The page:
Supervisor: Prof. H.Y. Shih
Lu Shoukun spent the second half of his life in Hong Kong. During his 27 years' stay, he lived through the preparatory and consolidation stages of development in Hong Kong art. The purpose of this thesis is threefold: to offer a thorough study of the development of Shoukun's styles and themes in his paintings, to assess his achievements in the context of twentieth century Chinese painting, and to evaluate his proper position in the development of Hong Kong art. This thesis is divided into eight chapters. Chapter 1 presents his family background, and Chapter 2, his artistic life before 1950. The next two chapters discuss the influence of the Lingnan School and Western art on him. The discussion and analysis of his Hong Kong landscape paintings describing particular locations and other semi-abstract landscapes are included in Chapters 5 and 6. Chapter 7 deals with his Chan painting, one of Shoukun's achievements in art; and, as a conclusion, his achievements in art education and influence on other artists are summarized.
Supervisor: Prof. H.Y. Shih
This thesis is an attempt at examining the ceramic industry in the region of Jingdezhen in Jiangxj Province during the Yuan Dynasty (A.D. 1271-1358). The study consists of four major parts:
(1) the development of Jingdezhen kilns in relation to the economic growth and cultural background of Jiangxi Province.
(2) the setting up of the Fouliang Porcelain Bureau in Jingdezhen and the use of kaolin with china stone by Jingdezhen potters,
(3) the kinds of wares produced by Jingdezhen kilns and their characteristics in the Yuan Dynasty, and
(4) the sale of Jingdezhen wares in domestic and overseas markets.
After the fall of the Northern Song Dynasty, many Han people moved from North China to the southern provinces. The increase of population in South China led to the growth of a number of handicraft industries. It was during this period that Jingdezhen improved and increased its ceramic production to meet the demands of the increased population.
With the setting up of the Fouliang Porcelain Bureau in 1278, Jingdezhen began to produce high-quality wares for the imperial palace and government offices. Apart from official orders, large quantities of Jingdezhen wares were manufactured for commercial disposal. They were sold throughout the Yuan territories and to many Asian and East African countries.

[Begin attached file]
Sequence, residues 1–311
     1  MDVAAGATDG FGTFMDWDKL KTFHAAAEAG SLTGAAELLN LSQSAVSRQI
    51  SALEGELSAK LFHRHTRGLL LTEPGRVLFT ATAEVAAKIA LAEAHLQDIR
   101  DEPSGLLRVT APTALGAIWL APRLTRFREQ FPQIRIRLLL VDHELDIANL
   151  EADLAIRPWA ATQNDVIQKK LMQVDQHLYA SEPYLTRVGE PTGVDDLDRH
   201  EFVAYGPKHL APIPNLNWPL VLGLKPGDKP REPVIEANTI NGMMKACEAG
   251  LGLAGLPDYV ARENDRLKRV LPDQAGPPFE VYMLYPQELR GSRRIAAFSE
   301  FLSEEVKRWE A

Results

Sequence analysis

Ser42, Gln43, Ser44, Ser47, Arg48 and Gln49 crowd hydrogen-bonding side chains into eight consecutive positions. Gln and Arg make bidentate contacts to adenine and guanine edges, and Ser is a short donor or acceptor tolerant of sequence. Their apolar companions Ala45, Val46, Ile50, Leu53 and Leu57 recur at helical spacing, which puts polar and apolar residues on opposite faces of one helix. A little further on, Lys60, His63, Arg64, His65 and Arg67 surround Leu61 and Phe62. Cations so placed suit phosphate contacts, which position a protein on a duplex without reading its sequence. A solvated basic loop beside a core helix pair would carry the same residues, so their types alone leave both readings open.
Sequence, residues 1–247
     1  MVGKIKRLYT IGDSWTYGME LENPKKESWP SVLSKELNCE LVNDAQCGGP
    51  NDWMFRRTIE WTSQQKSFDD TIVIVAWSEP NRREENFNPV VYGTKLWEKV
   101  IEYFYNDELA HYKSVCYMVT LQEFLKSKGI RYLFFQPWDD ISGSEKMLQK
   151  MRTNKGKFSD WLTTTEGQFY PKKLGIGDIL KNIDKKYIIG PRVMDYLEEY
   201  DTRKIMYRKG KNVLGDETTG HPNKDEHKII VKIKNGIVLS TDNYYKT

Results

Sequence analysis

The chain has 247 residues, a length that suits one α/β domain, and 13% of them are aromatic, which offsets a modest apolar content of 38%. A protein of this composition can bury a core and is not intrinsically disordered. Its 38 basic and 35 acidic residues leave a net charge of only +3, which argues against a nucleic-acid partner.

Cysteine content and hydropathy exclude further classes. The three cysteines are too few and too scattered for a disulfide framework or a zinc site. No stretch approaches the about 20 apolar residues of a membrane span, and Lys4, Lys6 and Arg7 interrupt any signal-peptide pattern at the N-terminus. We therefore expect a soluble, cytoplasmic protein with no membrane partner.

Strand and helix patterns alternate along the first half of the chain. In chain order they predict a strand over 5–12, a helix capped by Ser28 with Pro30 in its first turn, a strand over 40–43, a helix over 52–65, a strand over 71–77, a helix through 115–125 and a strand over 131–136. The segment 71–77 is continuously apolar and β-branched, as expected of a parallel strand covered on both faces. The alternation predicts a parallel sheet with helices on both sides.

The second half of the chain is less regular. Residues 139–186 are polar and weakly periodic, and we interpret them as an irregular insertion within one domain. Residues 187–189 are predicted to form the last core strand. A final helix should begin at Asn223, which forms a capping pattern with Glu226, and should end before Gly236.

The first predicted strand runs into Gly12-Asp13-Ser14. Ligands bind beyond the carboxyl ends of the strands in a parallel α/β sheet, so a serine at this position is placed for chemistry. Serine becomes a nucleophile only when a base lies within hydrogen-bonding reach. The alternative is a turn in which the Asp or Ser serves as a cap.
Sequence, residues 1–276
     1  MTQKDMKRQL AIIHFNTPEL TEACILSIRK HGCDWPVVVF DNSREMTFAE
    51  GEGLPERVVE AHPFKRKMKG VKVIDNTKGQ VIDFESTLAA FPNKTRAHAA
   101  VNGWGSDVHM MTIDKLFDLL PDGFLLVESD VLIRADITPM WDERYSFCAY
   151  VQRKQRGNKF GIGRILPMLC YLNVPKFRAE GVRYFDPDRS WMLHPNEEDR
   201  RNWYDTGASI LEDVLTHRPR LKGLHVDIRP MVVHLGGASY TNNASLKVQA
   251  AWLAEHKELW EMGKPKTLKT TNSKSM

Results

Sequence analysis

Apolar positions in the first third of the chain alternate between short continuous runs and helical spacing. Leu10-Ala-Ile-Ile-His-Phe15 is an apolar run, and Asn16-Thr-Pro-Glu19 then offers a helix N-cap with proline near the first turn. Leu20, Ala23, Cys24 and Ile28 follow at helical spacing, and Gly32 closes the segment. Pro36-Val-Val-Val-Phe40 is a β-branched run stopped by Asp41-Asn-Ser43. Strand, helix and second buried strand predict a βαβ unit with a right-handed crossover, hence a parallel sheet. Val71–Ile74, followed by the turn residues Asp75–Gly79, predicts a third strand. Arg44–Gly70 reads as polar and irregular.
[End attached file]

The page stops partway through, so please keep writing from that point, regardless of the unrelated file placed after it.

As regards the kinds of ceramics produced in Jingdezhen, the study is based on
(1) many ceramic finds excavated in China, which came from the Jingdezhen kilns of the Yuan Dynasty,
(2) the Yuan ceramic collection in the Topkapi Sarayi Museum of Istanbul and the Ardebil Shrine Collection in the Iran Bastan Museum of Tehran,
(3) the qingbai wares recovered front the shipwreck off Sinan coast in South Korea, and
(4) the exhibits in the Exhibition of 'Jingdezhen Warethe Yuan Evolution' held in the Fung Ping Shan Museum, University of Hong Kong in 1984.
In comparison with Song wares, the Yuan wares of Jingdezhen show a marked increase in the variety of forms, decorative motifs and glaze colours. Despite the short life of the Yuan Dynasty, the Jingdezhen potters of this period certainly achieved important advances which occupy a significant position in the history of Chinese ceramic art.
Supervisor: Dr. N. Corazzo and Prof. H.Y. Shih
Despite the imposing wealth of content and diversity of scholarship in Chinese art history, twentieth century Chinese sculpture remains virtually an unexplored area. For this reason, it is thought that research on the Taiwanese sculptor, Zhu Ming (b. 1938), acclaimed as the most distinguished Chinese sculptor since the Yuan Dynasty (A.D. 14th century) could make a significant contribution to the perception of sculptural exploration taking place in twentieth century Taiwan as well as being a survey of the artist's sculptural career.
Part One of this paper outlines the historical context. Major historical and artistic events in mainland China are briefly reviewed in Chapter One to provide a basis of comparison with that of Taiwan, while placing Zhu Ming 's art in a broader framework. Twentieth century Taiwan is investigated as an entity in Chapter Two and Chapter ·Three, the former covering the period 1895-1949,·the latter covering the period since 1949. Southern Chinese folk art tradition, the introduction of European art through Japan to Taiwan, the 'Modern Movement' in art and the 'Native Soil Movement' are foca1 points of these chapters.
In Part Two, Zhu Ming's life and his art are subjects of study. Chapter .Four contains a brief biography of Zhu Ming from his birth until 1968. Integrated within this period is his apprenticeship to Southern Chinese folk sculpture tradition, under Li Jinchuan. Chapter Five treats Zhu's sculptural developments between 1968 and 1976, during which he was apprenticed to Yang Yingfeng, whose influence on his aesthetic concepts was significant.
Chapters Six and Seven are devoted to the double focus of this paper, the ‘Taiji’ and ‘The Living World’ series. The two series together span a period of ten year; their richness and continuity render them eloquent witnesses of Zhu Ming's conceptual and formal development in sculpture. With these two series, Zhu Ming brought about a twentieth century breakthrough in Chinese sculpture by transcending the long-standing supposition of Chinese art critics of the past, that sculptural materials have their limitations intractability, and by complementing Chinese aesthetics. It is here also that Zhu Ming succeeded in finding his own resolution to an intellectual dilemma faced by twentieth century Chinese artists in general: how to live up to the native Chinese tradition yet respond to the contemporary situation.
Supervisor: Prof. H.Y. Shih
Established by the Qidan, the Liao Dynasty was a period strongly marked by its nomadic customs. However, Chinese cultural elements were constantly infiltrating into the Liao society. As a result, Liao culture was in fact dualistic: Qidan and Chinese. This very unique feature is very often reflected in Liao ceramics.